62 individuals have died in ICE detention centers. What has happened to these people and where are their stories?
I spent the morning in a great training called Detention 101- a training from the National Lawyers Guild, Families for Freedom and the Detention Watch Network on all the ins and outs of our immigration detention system as well as successful ideas for protecting our communities from the jail detention complex. I’ll be writing more on that soon, but for now I’m leaving you with the front page story of the NY times on deaths in detention:
New Scrutiny as Immigrants Die in Custody
Sandra M. Kenley was returning home from her native Barbados in 2005 when she was swept into the United States’ fastest-growing form of incarceration, immigration detention.
Seven weeks later, Ms. Kenley died in a rural Virginia jail, where she had complained of not receiving medicine for high blood pressure. She was one of 62 immigrants to die in administrative custody since 2004, according to a new tally by Immigration and Customs Enforcement that counted many more deaths than the 20 previously known.
No government body is charged with accounting for deaths in immigration detention, a patchwork of county jails, privately run prisons and federal facilities where more than 27,500 people who are not American citizens are held on any given day while the government decides whether to deport them.
Getting details about those who die in custody is a difficult undertaking left to family members, advocacy groups and lawyers.
But as the immigration detention system balloons to meet demands for stricter enforcement of immigration laws, deaths in custody — and the secrecy and confusion around them — are drawing increased scrutiny from lawmakers and from government investigators.
Spurred by bipartisan reports of abuses in detention, the Senate unanimously passed an amendment to the proposed immigration bill that would establish an office of detention oversight within the Department of Homeland Security. Detention capacity would grow by 20,000 beds, or 73 percent, under the bill, which is expected to be debated again today in the Senate.
Complaints focus on a lack of independent oversight and failures to enforce standards for medical care, suicide prevention and access to legal help.
The inspector general in the Department of Homeland Security recently announced a “special review” of two deaths, including that of a Korean woman at a privately run detention center in Albuquerque. Fellow detainees told a lawyer that the woman, Young Sook Kim, had pleaded for medical care for weeks, but received scant attention until her eyes yellowed and she stopped eating.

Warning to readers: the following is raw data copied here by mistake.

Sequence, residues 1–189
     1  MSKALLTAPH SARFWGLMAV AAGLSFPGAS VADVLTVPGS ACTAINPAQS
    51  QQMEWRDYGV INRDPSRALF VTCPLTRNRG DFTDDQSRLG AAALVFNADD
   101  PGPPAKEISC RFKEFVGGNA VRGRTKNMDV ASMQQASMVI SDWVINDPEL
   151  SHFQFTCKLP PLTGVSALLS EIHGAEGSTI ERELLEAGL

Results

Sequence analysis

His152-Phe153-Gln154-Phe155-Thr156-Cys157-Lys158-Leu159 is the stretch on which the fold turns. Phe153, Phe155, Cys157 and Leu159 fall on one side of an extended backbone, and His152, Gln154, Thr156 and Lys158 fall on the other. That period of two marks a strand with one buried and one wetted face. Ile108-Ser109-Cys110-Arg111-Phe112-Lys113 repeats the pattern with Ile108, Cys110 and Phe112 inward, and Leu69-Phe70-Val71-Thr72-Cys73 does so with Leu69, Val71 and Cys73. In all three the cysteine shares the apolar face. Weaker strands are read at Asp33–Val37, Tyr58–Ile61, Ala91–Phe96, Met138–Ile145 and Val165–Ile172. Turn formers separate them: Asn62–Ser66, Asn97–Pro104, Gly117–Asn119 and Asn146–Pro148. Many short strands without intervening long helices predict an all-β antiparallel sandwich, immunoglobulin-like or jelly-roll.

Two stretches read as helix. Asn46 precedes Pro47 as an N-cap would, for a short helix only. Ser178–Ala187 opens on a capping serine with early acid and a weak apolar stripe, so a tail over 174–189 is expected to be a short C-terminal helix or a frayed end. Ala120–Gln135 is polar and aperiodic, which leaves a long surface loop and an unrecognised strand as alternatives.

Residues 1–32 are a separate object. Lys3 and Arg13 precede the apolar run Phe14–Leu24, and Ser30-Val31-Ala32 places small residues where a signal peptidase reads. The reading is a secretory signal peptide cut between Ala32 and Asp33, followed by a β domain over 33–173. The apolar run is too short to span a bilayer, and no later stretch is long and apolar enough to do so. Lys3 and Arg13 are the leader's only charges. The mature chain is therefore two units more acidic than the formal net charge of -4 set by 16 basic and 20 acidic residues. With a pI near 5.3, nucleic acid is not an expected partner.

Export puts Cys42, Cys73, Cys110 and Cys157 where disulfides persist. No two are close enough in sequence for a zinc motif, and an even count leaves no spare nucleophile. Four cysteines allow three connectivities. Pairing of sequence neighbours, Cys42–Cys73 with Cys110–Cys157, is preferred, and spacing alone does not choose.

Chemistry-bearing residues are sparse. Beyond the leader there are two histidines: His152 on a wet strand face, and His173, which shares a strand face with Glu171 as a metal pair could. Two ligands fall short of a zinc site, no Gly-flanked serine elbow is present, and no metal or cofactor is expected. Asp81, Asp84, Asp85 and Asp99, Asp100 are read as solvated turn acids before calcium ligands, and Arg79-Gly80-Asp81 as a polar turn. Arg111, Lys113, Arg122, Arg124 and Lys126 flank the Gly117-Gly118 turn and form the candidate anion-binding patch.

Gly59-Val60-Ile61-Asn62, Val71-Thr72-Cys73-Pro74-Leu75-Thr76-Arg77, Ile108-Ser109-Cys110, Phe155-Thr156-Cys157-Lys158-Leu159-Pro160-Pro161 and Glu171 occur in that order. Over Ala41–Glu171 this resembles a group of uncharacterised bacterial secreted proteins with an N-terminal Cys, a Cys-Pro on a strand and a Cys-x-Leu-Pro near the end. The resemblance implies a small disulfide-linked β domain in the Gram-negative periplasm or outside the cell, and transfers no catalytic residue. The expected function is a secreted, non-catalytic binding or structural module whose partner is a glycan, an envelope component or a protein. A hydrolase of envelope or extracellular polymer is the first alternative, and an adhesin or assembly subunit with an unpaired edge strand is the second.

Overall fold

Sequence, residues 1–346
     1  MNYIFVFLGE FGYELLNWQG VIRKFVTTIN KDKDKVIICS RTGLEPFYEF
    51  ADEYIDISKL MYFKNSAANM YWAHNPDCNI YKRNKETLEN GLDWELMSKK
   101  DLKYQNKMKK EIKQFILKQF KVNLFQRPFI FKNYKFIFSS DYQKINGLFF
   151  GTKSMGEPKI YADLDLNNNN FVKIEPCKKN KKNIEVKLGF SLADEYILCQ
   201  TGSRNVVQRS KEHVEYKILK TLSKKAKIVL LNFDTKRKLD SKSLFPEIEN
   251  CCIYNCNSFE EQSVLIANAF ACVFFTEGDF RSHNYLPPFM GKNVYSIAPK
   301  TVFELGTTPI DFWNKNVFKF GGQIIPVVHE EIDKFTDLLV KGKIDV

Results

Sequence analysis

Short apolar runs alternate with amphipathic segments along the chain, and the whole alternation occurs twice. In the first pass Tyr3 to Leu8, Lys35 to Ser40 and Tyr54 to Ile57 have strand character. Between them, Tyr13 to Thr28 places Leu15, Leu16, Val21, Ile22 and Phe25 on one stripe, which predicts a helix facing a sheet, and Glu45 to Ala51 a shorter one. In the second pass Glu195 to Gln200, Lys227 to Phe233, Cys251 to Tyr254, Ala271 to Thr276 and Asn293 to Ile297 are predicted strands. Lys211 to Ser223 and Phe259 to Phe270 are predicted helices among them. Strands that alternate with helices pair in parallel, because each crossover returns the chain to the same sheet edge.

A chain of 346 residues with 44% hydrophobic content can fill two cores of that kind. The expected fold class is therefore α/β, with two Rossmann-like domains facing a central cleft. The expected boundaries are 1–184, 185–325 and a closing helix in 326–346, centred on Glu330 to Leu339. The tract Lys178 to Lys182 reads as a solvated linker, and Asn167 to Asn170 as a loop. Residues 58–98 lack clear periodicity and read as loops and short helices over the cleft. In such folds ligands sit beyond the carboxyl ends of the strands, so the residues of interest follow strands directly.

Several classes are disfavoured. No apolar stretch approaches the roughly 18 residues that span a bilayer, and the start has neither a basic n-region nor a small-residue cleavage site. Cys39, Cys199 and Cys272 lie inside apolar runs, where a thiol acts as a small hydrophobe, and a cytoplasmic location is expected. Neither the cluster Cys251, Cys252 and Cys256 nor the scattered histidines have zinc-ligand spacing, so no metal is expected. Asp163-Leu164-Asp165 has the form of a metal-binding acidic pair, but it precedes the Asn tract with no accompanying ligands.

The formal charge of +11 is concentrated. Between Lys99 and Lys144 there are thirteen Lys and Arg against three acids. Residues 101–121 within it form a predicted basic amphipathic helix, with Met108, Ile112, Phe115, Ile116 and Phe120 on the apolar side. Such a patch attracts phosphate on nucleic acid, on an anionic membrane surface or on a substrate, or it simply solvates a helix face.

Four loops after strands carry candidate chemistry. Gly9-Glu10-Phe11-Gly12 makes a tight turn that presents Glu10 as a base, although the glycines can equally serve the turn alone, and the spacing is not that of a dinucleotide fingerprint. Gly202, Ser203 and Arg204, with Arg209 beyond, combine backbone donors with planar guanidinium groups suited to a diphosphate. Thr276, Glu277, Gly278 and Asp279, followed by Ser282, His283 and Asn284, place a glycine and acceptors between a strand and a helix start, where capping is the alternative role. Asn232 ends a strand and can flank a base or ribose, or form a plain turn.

Ms. Kim died of pancreatic cancer in federal custody on Sept. 11, 2005, a day after she was taken to a hospital.
Some of the sharpest criticism of the troubled system has come from officials at one of the largest detention centers in the country, York County Prison in Pennsylvania.
“The Department of Homeland Security has made it difficult, if not impossible, to meet the constitutional requirements of providing adequate health care to inmates that have a serious need for that care,” the York County Prison’s warden, Thomas Hogan, wrote in a court affidavit last year.
Officials with the immigration agency say that some deaths are inevitable, and that sufficient outside scrutiny comes from local medical examiners. Detention expanded by more than 32 percent last year, and the average length of stay was cut to 35 days from 89, said Jamie Zuieback, a spokeswoman.
“We spend $98 million annually to provide medical care for people in our custody,” Ms. Zuieback said. “Anybody who violates our national immigration law is going to get the same treatment by I.C.E. regardless of their medical condition.”
She declined to release information about the 62 detention deaths since 2004, including names, dates, locations or causes.
Twenty deaths were reported over the same period in a recent briefing paper for the United Nations’ special rapporteur on the human rights of migrants from a list compiled by civil liberties lawyers from reports by relatives, advocates and the news media.
Detention standards were adopted by the immigration agency in 2000, but are not legally enforceable, unlike rules for the treatment of criminal inmates. The Department of Homeland Security has resisted efforts by the American Bar Association to turns the standards into regulations, saying that rulemaking would reduce the agency’s flexibility.